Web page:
|Publication number||US6272129 B1|
|Application number||US 09/233,381|
|Publication date||Aug 7, 2001|
|Filing date||Jan 19, 1999|
|Priority date||Jan 19, 1999|
|Also published as||US6970443, US20010038626, WO2000044149A1|
|Publication number||09233381, 233381, US 6272129 B1, US 6272129B1, US-B1-6272129, US6272129 B1, US6272129B1|
|Inventors||Richard J. Dynarski, Yingchun Xu, Andrew Bezaitis, Wayne A. Cichosz|
|Original Assignee||3Com Corporation|
|Export Citation||BiBTeX, EndNote, RefMan|
|Patent Citations (11), Referenced by (239), Classifications (15), Legal Events (8)|
|External Links: USPTO, USPTO Assignment, Espacenet|
A. Field of the Invention
This invention relates to the fields of telecommunications and wireless Internet Protocol (IP) network routing. More particularly, the invention relates to a process by which a mobile communications device, for example, a laptop computer equipped with a cellular telephone modem, is located and communication between the device and a terminal on an IP network is initiated.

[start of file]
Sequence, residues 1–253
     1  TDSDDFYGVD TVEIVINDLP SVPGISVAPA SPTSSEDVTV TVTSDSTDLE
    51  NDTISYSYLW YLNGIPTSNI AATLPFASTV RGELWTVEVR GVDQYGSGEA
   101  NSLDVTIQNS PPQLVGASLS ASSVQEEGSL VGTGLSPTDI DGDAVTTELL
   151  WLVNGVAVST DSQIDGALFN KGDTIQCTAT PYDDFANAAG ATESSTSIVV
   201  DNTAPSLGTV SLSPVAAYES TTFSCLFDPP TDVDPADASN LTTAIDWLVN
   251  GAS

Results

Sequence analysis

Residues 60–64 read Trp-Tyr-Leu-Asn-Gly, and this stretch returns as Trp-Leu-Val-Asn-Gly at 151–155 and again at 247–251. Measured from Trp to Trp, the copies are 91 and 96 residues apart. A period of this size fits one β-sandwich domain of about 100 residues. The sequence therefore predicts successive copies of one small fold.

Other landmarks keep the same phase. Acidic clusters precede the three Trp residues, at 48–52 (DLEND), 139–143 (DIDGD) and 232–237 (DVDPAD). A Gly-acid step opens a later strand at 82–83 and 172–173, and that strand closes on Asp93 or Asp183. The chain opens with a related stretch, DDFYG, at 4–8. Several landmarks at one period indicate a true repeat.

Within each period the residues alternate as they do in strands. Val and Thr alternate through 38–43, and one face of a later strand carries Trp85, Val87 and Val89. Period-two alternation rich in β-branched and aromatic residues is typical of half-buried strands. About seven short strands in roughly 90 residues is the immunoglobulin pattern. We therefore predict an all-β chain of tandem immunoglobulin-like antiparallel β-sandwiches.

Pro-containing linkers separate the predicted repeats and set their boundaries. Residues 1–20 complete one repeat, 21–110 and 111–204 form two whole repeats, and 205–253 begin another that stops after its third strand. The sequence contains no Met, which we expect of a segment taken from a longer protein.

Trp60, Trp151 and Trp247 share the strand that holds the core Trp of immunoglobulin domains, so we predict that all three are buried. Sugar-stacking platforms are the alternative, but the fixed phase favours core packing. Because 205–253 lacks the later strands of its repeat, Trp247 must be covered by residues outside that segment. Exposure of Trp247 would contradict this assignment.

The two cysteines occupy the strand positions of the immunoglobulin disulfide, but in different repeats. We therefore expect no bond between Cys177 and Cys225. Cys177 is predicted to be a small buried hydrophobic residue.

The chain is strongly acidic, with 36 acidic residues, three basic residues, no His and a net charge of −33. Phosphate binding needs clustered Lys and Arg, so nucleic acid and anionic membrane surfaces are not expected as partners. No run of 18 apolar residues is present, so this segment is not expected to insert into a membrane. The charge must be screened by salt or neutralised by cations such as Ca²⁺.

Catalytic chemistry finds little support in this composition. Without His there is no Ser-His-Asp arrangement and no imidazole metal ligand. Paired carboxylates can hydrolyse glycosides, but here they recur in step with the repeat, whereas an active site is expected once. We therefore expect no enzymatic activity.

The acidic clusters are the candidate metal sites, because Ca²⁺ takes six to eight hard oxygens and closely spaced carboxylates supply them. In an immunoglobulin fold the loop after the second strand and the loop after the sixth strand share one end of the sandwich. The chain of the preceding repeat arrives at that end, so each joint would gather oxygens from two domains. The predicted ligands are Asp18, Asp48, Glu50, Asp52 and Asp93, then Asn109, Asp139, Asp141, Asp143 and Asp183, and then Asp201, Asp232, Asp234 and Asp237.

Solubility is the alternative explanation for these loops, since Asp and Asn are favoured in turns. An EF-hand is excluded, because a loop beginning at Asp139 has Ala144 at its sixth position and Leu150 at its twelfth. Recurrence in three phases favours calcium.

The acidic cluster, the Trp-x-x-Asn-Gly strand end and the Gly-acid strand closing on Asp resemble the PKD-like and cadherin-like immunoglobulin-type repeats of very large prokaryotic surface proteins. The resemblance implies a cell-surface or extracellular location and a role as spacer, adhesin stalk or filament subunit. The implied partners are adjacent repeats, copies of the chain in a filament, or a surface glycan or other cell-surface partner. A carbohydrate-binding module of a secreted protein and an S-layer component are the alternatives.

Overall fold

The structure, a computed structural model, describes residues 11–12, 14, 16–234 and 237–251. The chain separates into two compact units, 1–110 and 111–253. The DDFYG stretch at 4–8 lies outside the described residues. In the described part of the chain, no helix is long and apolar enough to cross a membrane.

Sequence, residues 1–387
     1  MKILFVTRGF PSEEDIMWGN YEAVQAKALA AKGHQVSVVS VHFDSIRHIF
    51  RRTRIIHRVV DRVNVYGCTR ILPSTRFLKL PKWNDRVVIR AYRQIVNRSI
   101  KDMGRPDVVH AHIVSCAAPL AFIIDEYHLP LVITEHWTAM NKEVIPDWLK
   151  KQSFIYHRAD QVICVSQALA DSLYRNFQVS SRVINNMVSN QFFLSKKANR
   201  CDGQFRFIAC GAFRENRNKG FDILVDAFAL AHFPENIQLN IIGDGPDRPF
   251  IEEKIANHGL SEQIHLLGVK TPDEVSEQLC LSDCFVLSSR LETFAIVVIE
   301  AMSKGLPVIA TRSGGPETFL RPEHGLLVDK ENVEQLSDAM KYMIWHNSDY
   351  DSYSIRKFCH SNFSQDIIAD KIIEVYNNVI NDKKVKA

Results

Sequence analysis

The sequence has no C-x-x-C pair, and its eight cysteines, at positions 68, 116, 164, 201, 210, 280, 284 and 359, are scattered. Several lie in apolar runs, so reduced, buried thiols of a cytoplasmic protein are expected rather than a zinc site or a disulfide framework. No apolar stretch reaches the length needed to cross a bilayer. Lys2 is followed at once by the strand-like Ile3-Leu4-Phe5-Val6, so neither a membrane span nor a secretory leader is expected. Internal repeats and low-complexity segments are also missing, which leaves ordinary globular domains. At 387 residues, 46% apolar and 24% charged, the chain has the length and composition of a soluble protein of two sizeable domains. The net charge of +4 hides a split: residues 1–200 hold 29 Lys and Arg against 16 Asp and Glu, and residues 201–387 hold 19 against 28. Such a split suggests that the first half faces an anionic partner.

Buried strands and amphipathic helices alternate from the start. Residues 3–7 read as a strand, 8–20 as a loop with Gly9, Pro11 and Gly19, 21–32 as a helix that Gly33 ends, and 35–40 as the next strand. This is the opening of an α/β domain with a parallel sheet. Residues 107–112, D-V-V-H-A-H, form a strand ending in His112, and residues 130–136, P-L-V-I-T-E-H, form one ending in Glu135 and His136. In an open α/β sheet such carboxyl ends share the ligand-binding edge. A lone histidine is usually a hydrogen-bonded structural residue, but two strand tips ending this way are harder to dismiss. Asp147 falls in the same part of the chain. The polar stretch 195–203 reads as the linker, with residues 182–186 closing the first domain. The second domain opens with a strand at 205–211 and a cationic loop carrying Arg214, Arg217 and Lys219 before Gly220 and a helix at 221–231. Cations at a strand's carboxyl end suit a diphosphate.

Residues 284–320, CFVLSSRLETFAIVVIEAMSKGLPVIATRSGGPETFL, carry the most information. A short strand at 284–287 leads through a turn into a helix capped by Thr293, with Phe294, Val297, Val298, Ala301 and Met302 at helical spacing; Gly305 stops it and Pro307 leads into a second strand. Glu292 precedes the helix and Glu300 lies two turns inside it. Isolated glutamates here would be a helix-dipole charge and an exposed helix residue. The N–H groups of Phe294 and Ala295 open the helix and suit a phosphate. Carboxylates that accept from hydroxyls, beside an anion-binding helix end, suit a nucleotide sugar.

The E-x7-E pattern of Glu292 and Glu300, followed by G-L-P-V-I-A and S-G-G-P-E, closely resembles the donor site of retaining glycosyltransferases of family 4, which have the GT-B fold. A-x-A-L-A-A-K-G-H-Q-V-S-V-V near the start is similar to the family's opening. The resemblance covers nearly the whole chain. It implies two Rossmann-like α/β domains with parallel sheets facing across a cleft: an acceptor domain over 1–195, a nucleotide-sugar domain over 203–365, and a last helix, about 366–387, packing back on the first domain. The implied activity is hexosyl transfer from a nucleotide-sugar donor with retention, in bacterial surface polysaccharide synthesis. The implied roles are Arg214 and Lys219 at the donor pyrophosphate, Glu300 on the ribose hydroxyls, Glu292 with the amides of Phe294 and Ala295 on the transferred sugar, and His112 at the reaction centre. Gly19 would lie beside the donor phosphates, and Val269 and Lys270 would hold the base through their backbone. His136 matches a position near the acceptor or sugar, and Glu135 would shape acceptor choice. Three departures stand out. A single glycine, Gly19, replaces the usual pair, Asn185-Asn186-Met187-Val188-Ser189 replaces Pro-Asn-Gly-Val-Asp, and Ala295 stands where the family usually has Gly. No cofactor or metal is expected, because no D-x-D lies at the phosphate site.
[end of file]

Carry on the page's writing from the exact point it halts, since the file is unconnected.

B. Description of Related Art
Wireless communications networks offer much flexibility to the user, in that they allow users of portable communications devices, such as personal digital assistants, laptop computers, telephones, and other appliances to get connected to the public switched telephone network from any location within the region served by the wireless network. Connolly et al., U.S. Pat. No. 5,325,419, discloses a personal communication system by which a user uses an RF link to a communicate with an intelligent base station. The intelligent base stations provide radio access along with an Integrated Services Digital Network (ISDN) interface to the public switched telephone network. The PSTN aspect of the system has three components: a personal communications switching center, where telephone central office switches have certain characteristics, a signaling transfer point, and a service control point where an intelligent data base exists maintaining certain user features and records.